Hazon's Cross-USA Jewish Environmental Bike-RidePresident Clinton
The White House
1600 Pennsylvania Ave
August 28th, 2000 / Av 5760
Hazon is a new non-profit organization based in New York. The word is Hebrew for "vision": Hazon has been founded to encourage and empower idealistic people and innovative projects in the US Jewish community.
Today we completed Hazon's first big project, the first-ever Cross-USA Jewish Environmental Bike-Ride. There are only twelve of us, but we encompass the diversity of the Jewish community - we are Jews from the US, the UK and Israel; Orthodox, Conservative, Reform and secular; married and single, straight and gay.
We have been united by a determination to bicycle from Seattle, WA to the White House, here in Washington, DC, and in so doing to raise environmental awareness in Jewish communities.
During our journey we have taught about the relationship between Judaism and the environment, and have encouraged Jewish communities to deepen their ecological learning and environmental commitment. And we have learned so much: about the kindness of strangers, for instance, and about our capacity to grow and to learn (and to ride distances we wouldn't have believed possible until recently). We have seen from a bicycle seat both the beauty of America and the ecological challenges we all face.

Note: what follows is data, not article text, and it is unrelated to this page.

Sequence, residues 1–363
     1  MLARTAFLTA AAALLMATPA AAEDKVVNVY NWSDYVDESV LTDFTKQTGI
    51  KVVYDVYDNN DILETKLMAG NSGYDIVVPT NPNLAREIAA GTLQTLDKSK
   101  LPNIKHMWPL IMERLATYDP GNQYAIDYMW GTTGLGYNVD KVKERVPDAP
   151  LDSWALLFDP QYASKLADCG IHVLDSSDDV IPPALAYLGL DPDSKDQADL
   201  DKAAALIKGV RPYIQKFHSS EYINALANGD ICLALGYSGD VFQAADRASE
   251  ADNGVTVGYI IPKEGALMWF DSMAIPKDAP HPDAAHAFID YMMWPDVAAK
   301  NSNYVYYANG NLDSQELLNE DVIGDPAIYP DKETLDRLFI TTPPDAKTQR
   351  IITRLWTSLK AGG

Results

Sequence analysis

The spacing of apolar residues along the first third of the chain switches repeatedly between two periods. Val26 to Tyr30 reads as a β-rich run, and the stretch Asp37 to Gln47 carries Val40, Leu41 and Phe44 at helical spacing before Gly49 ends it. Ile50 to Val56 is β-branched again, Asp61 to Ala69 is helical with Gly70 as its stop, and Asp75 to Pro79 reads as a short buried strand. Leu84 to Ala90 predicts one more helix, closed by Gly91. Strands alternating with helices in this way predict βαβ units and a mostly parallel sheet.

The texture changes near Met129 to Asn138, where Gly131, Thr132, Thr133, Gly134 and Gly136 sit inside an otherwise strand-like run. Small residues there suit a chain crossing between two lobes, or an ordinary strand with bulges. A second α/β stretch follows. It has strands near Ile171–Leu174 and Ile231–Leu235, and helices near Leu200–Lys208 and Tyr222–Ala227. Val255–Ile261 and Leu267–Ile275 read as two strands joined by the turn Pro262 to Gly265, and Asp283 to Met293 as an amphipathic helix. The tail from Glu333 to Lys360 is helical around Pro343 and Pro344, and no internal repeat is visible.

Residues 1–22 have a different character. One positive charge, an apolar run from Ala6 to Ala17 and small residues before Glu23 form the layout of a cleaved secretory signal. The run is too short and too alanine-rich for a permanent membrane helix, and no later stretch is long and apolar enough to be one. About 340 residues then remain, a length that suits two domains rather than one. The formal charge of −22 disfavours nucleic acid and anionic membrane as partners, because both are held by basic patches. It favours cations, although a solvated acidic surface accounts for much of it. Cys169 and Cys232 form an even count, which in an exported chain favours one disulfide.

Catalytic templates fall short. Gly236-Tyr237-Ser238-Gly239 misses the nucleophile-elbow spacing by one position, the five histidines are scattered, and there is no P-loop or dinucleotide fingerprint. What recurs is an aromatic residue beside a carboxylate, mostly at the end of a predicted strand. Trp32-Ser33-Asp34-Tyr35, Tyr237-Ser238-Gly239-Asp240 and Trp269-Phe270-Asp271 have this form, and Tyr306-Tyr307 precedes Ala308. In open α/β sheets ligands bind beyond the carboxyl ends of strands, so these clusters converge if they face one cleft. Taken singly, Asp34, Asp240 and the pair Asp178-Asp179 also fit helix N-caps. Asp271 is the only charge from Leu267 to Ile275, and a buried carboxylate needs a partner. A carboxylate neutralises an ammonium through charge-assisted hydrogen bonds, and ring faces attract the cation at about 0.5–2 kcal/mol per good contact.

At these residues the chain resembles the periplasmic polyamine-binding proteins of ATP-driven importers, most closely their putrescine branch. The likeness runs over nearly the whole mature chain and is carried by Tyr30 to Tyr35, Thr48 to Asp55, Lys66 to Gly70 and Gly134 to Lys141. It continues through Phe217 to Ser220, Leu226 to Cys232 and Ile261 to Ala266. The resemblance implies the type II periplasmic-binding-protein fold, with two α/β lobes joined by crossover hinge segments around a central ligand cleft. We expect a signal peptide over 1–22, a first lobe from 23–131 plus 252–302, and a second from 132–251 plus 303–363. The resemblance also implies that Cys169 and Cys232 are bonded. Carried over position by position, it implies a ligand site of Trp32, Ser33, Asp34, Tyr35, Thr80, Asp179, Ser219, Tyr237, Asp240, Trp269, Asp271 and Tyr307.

The creation story at the beginning of the Torah says that we are commanded to protect and conserve the earth. We write to you now, at the end of our Ride, to thank you for the ways that your Administration has acted in furtherance of this injunction, especially in bringing hundreds of thousands of acres of land under public protection.
At the same time, as the media talks about the "legacy" of your Administration, we ask you, in our name and in the name of Jewish tradition, to use these last months of your term of office to take steps truly to protect the world. In particular, our Ride has coincided with evidence that the North Pole seems to be melting. We call upon you to appoint a Presidential Commission on Global Warming, enjoined to advise on ways that the US can do more to lessen the threat of irrevocable and damaging climate change.
One specific thing we learned this summer was about the ecological impact of eating meat, something that the Union of Concerned Scientists cite as second only to automobile usage in damaging the environment. For your health and that of your family, and as an example to all Americans, we invite you also to take a decision to eat less red meat.
Finally, we enclose with this letter a T-shirt from our ride, together with a two-volume collection entitled Torah of the Earth ("Exploring 4,000 Years of Ecology in Jewish Thought").
With all best wishes,
On behalf of our riders:
Mark X Jacobs, Coalition on the Environment & Jewish Life
Jerry Lawson, EPA EnergyStar/Congregation
Rabbi Norman Lamm, Yeshiva University
Rabbi David Saperstein, The Religious Action Center of Reform Judaism
Rabbi Ismar Schorsch, The Jewish Theological Seminary
Rabbi Arthur Waskow, The Shalom Center
Rabbi Eric Yoffie, The Union of American Hebrew Congregation